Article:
First, environmental law in Louisiana is governed generally by the Public Trust Doctrine under Article IX § 1 of the Louisiana Constitution. This doctrine requires all public officials and agencies to balance economic needs with the health, safety, and welfare of Louisiana citizens. Second, Louisiana also has its own Environmental Quality Act, that established the Louisiana Department of Environmental Quality (LDEQ) as the primary agency responsible for implementing and enforcing environmental laws in the state. That Act also contains numerous provisions which allow for the control and regulation of environmental concerns.
Next, the EPA has delegated to LDEQ responsibility for issuing and enforcing all permits under the Federal Clean Air Act and Clean Water Act. As a result, LDEQ not only has the authority to issue permits, LDEQ also conducts inspections, collects fees, imposes penalties, issues enforcement actions and takes other actions to ensure compliance with environmental laws.
Louisiana also has its own laws and regulations that deal with specific environmental topics that are relevant to the state. For example, Louisiana has laws that regulate the transportation and underground storage of natural gas, liquid hydrocarbons, carbon dioxide, and other substances. Louisiana also has laws that govern the exploration, production, transportation, and conservation of oil and gas resources and its own rapidly evolving laws related to water use. Finally, the Louisiana Civil Code Articles 667-669 related to “vicinage” or the rights owed between neighbors, governs disputes about “nuisances” and the unpleasant effects of activities between adjoining properties, such as noise, odors and smoke. These state laws, together, aim to prevent waste, protect property rights, ensure public safety, stop or reduce pollution, and promote economic development.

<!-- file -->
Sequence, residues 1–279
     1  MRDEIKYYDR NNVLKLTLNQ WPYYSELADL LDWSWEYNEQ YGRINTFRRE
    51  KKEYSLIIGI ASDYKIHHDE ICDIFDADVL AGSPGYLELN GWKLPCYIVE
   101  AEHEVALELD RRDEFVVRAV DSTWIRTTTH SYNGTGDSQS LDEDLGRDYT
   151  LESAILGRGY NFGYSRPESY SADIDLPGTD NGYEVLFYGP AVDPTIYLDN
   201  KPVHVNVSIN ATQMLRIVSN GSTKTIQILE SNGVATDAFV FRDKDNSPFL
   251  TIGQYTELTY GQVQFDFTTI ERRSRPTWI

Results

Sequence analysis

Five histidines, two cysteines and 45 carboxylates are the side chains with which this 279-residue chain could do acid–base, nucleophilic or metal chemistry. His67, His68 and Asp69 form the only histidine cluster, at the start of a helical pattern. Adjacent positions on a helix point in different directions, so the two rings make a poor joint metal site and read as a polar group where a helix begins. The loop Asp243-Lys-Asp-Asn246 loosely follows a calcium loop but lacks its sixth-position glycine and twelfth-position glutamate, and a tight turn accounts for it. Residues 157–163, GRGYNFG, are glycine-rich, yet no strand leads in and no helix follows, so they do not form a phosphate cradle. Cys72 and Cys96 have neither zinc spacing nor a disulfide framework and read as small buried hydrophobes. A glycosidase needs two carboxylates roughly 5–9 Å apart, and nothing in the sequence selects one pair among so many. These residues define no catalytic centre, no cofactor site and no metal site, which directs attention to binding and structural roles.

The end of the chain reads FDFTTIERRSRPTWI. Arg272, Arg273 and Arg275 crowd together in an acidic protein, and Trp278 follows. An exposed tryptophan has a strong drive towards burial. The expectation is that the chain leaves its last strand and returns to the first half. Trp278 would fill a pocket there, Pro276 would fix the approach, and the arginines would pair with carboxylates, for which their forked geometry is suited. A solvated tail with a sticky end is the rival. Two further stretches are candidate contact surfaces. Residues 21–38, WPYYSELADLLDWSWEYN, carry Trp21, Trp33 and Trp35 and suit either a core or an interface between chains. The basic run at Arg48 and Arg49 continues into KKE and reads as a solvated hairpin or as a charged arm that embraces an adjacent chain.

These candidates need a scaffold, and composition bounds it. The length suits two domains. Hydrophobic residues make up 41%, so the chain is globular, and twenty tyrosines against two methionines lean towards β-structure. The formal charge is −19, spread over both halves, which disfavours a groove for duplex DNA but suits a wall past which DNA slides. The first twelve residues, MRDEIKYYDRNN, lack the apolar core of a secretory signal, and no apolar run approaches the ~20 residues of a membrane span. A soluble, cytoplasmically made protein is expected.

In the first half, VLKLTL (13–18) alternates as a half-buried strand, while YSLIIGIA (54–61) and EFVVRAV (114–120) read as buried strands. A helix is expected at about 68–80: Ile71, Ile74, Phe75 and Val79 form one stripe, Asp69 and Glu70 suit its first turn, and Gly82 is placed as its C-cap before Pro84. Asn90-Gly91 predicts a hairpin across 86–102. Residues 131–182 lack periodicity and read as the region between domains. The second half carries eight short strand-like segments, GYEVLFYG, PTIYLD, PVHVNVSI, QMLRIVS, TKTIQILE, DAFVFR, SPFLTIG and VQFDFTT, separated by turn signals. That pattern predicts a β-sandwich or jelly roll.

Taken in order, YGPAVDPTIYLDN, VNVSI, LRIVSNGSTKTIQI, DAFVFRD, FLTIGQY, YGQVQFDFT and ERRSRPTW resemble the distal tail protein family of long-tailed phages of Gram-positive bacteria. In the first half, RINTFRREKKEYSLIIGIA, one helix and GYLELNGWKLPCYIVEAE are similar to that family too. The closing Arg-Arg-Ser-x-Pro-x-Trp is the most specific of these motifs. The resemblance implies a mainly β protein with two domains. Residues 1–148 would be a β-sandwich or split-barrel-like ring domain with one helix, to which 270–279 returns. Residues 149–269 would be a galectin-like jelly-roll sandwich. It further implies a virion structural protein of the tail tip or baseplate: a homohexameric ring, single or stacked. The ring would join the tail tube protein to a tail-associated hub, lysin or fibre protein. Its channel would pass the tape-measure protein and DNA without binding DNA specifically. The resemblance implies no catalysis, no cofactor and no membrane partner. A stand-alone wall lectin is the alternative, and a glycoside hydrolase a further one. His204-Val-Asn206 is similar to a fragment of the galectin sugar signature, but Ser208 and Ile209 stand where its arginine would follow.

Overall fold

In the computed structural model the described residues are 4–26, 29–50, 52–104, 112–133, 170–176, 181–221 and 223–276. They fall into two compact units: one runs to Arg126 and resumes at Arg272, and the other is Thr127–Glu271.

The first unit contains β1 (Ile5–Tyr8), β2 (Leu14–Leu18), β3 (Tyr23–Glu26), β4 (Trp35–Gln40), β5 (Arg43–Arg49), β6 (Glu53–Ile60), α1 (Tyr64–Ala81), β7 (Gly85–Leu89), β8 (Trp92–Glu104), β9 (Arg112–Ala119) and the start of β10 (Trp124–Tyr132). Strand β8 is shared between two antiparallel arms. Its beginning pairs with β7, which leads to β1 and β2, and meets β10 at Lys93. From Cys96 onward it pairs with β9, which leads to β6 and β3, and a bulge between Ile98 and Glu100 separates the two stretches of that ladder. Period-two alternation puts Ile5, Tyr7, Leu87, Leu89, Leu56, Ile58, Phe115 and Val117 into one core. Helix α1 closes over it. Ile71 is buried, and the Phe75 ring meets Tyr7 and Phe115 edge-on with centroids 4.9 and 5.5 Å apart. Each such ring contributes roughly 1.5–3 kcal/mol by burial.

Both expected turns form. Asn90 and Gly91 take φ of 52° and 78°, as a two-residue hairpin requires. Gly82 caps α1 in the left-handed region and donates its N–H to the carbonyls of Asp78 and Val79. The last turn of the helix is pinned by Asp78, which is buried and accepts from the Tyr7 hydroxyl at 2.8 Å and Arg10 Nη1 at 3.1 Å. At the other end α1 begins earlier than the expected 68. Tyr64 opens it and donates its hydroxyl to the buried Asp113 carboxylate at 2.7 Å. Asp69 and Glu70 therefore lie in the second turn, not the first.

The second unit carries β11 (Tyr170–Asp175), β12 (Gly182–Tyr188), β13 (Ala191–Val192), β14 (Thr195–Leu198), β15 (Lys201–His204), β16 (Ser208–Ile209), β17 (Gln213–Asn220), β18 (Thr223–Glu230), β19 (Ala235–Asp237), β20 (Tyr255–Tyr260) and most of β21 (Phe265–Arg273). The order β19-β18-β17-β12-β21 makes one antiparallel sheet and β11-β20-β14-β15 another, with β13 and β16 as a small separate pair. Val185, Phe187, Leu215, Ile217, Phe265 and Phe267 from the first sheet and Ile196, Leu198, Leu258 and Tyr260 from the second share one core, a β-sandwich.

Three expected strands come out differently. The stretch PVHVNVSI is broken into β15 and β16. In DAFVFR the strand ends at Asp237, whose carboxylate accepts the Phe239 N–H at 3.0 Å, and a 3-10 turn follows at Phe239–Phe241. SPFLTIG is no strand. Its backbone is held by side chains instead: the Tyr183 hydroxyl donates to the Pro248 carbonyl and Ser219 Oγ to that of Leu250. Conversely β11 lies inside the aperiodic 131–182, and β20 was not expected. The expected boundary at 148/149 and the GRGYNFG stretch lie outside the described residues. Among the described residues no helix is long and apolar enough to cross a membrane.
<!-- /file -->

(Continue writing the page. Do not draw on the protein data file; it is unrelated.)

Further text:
Why is Environmental Law Important for Louisiana?
Environmental law is important for Louisiana because it affects the health and well-being of its people, its natural resources, and its economy. Environmental law addresses coastal erosion, pollution, and water quality, among other issues.
Milling Benson Woodward attorney Andrew Wilson has decades of experience handling cases relating to environmental law in Louisiana. Mr. Wilson and his team have represented clients in various environmental law matters, such as:
- Permitting and compliance
- Enforcement and litigation
- Environmental due diligence and transactions
- Environmental remediation and liability
- Natural resource damage assessment and restoration
- Statewide Order 29B oilfield site remediation
- Pollution and spill response
- Oyster lease damage
- Litigation of nuisances
- Wetland issues
The Milling team of skilled and knowledgeable attorneys can help you navigate the complex and evolving environmental laws and regulations that apply to circumstances in Louisiana.